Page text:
Effective ways for those who are ready to transition should be legal and available from compassionate physicians. People shouldn’t have to kill themselves by crude methods that sometimes don’t work. Years ago, an elderly minister and his wife—both facing imminent and irreversible declines in physical health and memory—chose to die and had to use carbon monoxide poisoning to do so. When ones’ health has deteriorated severely and there is no reasonable chance of improvement, there should be the choice of a quick and painless death without shame or social stigma.
This shift will happen when enough people demand it. But don’t hold your breath waiting for the disease care industry to spearhead it; there’s too much money at stake. And don’t wait for churches to bless it; many are too saddled with ancient dogmas to know what is soulful in these situations. Forget about the politicians; someone cries “they’re trying to kill granny!” and concern about votes outweighs public needs.
Who does that leave? The individual.
Again, the guiding question is: how would we handle end-of-life issues if we really knew—without a doubt—that our real selves are deathless, timeless, eternal?
Talk with your attorney and family members about this now. Create a living will with clear instructions to not be resuscitated if a sustained quality of life is not likely. Talk with others about this topic at church and groups. Now that we know that death is nothing to fear, surely we can approach this stage of life with a little more common sense and dignity.
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Think upon these things for awhile. Read the free articles listed and listen to the free radio shows. Use the recommended products that seem right for you. Especially take time to meditate and enjoy nature. Talk with close friends, family, and trusted advisors. See what insights emerge. I hope that you will discover more peace, understanding, clarity, wisdom, joy, and acceptance.
Exciting new scientific technology is emerging to allow communicating with our loved ones who have changed worlds. The expectation is that we also will be able to communicate with “deceased” luminaries – scientists, educators, great religious/ spiritual teachers, healers, and others who want to help us heal ourselves and our world. Do you think they might have something more to say about suffering?
Various SoulPhone® devices are now being researched and developed in the Laboratory for Advances in Consciousness and Health (LACH) at the University of Arizona.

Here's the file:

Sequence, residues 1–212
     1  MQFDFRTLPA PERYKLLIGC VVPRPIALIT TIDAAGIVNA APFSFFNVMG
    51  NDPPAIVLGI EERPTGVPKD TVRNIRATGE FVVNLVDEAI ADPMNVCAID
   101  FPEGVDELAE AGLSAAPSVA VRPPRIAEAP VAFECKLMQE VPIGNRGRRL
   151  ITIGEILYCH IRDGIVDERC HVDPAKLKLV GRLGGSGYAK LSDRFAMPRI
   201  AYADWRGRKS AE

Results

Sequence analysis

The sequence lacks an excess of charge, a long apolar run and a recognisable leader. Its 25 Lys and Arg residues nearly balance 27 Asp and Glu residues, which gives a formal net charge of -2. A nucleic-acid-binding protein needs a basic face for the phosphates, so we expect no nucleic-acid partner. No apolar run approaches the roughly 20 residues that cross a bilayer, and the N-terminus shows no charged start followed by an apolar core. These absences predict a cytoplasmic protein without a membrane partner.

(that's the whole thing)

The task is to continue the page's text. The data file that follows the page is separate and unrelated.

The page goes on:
Gary Schwartz, PhD, the lead researcher, estimates there is a 90 – 95% chance that the SoulSwitch, a binary indicator allowing “yes” or “no” answers to questions, will be ready in about one year. The SoulText has the same estimate of being available in approximately two years. After that, the next anticipated device is SoulVoice (like a phone), then SoulVideo (video and audio capabilities like Skype and Zoom)
Please share this great potential news with others and have hope. To learn more, visit www.SoulPhone.org. Dr. Schwartz and I are writing a book entitled Greater Reality Living that will serve as a workbook and guide for groups online and around the world. To learn more, visit Greater Reality Living.
Disclaimer: This information is not designed to replace medical or psychological care. Dr. Pitstick’s recommendations are based on forty-five years of training and experience in hospitals, pastoral counseling settings, mental health centers, and holistic chiropractic practice. Some of his statements are supported by clinical and scientific data while others are based on empirical evidence and his best current understandings.
Mark Pitstick, MA, DC is an author, clinical psychologist, chiropractic physician, frequent media guest, and workshop facilitator. He is the director of The SoulPhone Foundation, vice-president of Eternea, and board member of Helping Parents Heal.
Mark can help you to better know and show — no matter what is going on around you — that your earth-experience is a totally safe, meaningful, and magnificent adventure amidst forever. Visit Soul Proof for free articles, newsletters, and radio shows with top consciousness experts. Email your toughest questions to him at firstname.lastname@example.org.